Tag Archives: beet

Local Box Picnic: Walnut Creek Park

Two of the best things about living in Austin are the weather and the outdoors. In 2009, Forbes named Austin one of the “best outdoor cities” in the nation. Yet, after almost a decade living here, I have explored just a few of Austin’s public outdoor spaces. This summer I’m working to fix that. My husband and I have resolved to take weekly picnics around Austin so that we can visit lots of different parks in the city and enjoy some great food together.

We started our picnic tour on Sunday at Walnut Creek Park in north central Austin. On the menu were sliced apples drizzled with local honey, a bagel sandwich with a root vegetable omelet, and a bottle of Texas wine.

The meal took us about 45 minutes to make. I packed two whole apples in the picnic basket along with a paring knife and the bottle of honey. For the sandwiches, I used Scott Ehrlich’s recipe for Spanish-Style Beet, Carrot and Egg Sandwich published by Food and Wine. Rami and I made the sandwiches with carrots from Acadian Family Farm, beets from Massey Farm, spring onions from Bar W Ranch and Farm and Yukon potatoes from Green Gate Farm.

In the sandwich, sweet onions and carrots, earthy beets, and buttery potatoes are sliced very thin and cooked until they’re tender. These become the star ingredients in an omelet, which serves as the filling for a toasted bagel sandwich. A spicy mayonnaise-based sauce complements the omelet perfectly. (Recipe here.)

The sandwiches were easy to cook, and the omelet portion of recipe will probably join our regular brunch rotation, especially when we get beets in our local box. (I never seem to use those up!)

For the picnic I assembled the sandwiches at home and wrapped them individually in foil for transport. Our insulated picnic basket kept the sandwiches hot until we arrived at Walnut Creek Metropolitan Park, which is just 10 minutes from our house.

Walnut Creek Park has extensive hiking and bike trails, an off-leash area for dogs, plus a baseball diamond and a playground. There are 26 picnic tables at the park and Rami and I had no trouble finding a quiet, clean place to eat around noon on Sunday. Our picnic table overlooked a shady clearing near a trailhead to the north, and a playground to the south. There’s also plenty of free parking available on the park property.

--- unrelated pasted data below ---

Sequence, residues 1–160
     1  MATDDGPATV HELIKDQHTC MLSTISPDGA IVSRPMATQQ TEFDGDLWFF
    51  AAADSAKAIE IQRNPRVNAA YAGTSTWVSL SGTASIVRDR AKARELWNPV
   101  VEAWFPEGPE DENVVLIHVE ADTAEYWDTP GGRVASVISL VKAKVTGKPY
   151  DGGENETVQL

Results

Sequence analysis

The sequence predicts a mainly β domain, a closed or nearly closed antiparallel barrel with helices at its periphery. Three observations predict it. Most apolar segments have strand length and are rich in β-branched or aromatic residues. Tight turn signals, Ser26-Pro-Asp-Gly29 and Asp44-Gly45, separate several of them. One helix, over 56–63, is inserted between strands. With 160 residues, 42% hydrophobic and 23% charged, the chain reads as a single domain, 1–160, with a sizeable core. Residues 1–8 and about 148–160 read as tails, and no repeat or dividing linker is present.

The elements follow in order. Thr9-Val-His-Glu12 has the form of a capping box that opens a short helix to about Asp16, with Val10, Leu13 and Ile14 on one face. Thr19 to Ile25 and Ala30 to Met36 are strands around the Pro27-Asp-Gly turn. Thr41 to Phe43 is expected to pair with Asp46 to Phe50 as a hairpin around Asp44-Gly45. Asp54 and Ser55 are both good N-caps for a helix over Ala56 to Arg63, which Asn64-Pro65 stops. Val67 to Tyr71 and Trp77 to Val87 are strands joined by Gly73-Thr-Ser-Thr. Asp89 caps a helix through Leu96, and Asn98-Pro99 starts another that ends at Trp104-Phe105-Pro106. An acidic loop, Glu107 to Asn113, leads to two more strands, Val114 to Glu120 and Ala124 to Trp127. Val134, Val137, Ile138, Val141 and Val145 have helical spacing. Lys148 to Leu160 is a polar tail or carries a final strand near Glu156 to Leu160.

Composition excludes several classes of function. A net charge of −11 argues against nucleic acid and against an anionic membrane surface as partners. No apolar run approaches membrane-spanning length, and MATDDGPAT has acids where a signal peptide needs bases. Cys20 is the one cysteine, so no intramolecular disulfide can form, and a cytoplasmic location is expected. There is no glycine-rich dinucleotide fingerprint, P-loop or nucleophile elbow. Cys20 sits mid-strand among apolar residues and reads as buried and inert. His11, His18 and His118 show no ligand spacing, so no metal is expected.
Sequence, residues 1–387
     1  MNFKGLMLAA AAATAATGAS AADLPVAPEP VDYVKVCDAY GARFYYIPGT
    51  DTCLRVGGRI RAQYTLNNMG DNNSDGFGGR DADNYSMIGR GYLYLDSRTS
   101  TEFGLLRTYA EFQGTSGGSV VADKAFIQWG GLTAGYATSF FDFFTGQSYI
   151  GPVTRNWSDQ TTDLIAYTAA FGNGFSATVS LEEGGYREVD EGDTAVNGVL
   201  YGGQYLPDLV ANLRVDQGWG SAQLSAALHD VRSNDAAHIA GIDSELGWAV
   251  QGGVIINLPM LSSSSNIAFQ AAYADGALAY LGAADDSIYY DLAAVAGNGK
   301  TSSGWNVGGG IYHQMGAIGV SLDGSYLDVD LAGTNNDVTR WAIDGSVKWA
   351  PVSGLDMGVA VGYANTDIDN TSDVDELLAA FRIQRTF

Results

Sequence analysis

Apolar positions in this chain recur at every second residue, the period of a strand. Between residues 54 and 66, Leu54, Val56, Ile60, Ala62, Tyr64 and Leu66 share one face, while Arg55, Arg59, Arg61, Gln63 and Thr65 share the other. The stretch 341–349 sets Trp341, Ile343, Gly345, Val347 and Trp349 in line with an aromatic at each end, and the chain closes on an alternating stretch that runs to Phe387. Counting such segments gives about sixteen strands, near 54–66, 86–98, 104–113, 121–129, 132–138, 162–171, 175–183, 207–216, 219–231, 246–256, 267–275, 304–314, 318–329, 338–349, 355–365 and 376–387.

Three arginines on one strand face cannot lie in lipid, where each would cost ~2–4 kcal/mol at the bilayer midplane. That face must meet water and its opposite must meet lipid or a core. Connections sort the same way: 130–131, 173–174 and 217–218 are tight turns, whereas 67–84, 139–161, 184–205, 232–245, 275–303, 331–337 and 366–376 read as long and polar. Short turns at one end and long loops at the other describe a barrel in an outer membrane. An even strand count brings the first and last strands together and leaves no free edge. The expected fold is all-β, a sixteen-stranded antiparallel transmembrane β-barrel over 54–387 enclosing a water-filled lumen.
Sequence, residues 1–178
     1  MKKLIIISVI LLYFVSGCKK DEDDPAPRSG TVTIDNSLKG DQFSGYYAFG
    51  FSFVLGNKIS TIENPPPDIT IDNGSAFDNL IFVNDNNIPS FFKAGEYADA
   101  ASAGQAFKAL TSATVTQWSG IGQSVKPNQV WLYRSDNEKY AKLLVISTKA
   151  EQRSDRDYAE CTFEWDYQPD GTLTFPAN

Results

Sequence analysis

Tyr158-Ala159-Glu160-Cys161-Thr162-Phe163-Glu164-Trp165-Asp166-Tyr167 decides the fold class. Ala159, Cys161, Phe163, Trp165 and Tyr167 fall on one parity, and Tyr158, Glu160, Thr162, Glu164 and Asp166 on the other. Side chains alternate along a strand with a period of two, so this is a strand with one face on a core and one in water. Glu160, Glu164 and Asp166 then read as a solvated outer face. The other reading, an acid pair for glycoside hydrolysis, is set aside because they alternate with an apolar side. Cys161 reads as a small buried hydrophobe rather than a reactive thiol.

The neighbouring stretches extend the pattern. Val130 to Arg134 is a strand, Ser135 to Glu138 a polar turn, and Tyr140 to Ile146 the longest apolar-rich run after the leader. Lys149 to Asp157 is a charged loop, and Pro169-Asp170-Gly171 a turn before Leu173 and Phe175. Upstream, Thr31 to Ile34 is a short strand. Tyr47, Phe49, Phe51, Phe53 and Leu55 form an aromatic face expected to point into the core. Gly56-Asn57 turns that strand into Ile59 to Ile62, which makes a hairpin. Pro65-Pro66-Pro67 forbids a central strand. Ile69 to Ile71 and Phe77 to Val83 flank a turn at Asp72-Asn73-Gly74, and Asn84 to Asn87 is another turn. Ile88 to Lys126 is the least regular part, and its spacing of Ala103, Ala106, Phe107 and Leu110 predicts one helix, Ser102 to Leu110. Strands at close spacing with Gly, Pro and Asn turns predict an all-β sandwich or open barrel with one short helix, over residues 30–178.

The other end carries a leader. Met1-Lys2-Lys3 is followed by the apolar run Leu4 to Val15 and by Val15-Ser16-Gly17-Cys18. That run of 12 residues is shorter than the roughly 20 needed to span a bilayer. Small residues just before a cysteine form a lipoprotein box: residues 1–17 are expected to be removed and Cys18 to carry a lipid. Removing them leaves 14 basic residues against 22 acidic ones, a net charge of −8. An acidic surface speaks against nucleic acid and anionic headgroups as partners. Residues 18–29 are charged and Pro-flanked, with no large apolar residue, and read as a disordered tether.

You can’t tell it from this picture, but this part of the park is very popular for dog owners since it’s near the off-leash area of the trail. Our dog Barclay was on his leash at the picnic table, and he enjoyed greeting several other dogs who walked by during our meal.

All in all we considered this first picnic venture a success. The sandwich was good, the wine was sweet, and the park was a pretty relaxing place to spend our Sunday afternoon. Next week we’ll be making another picnic meal with our Local Box and enjoying it at the pecan grove at Austin’s Colony Park.

-Kathryn

Advertisements

Two Local Box Salads

Salad with roasted beets, orange, cilantro, lettuce, and dandelion greens

 

The thermometer on my porch tells me that spring in Texas is over. The highs have  been in the 80s all week, and I have been compulsively checking the weather forecast for some sign that the Texas summer isn’t really starting yet. Today’s overcast skies and cool breezes give me hope. And did you know that some parts of the country had a blizzard this week? There must be hope for a spring snow day in Austin, right??

 

I probably won’t hold my breath. One good thing about this season-straddling weather is the simultaneous availability of local avocados, tomatoes, cilantro, citrus, beets, spring greens and winter greens. Having so many beautiful veggies together in my fridge a sign from above to make salad.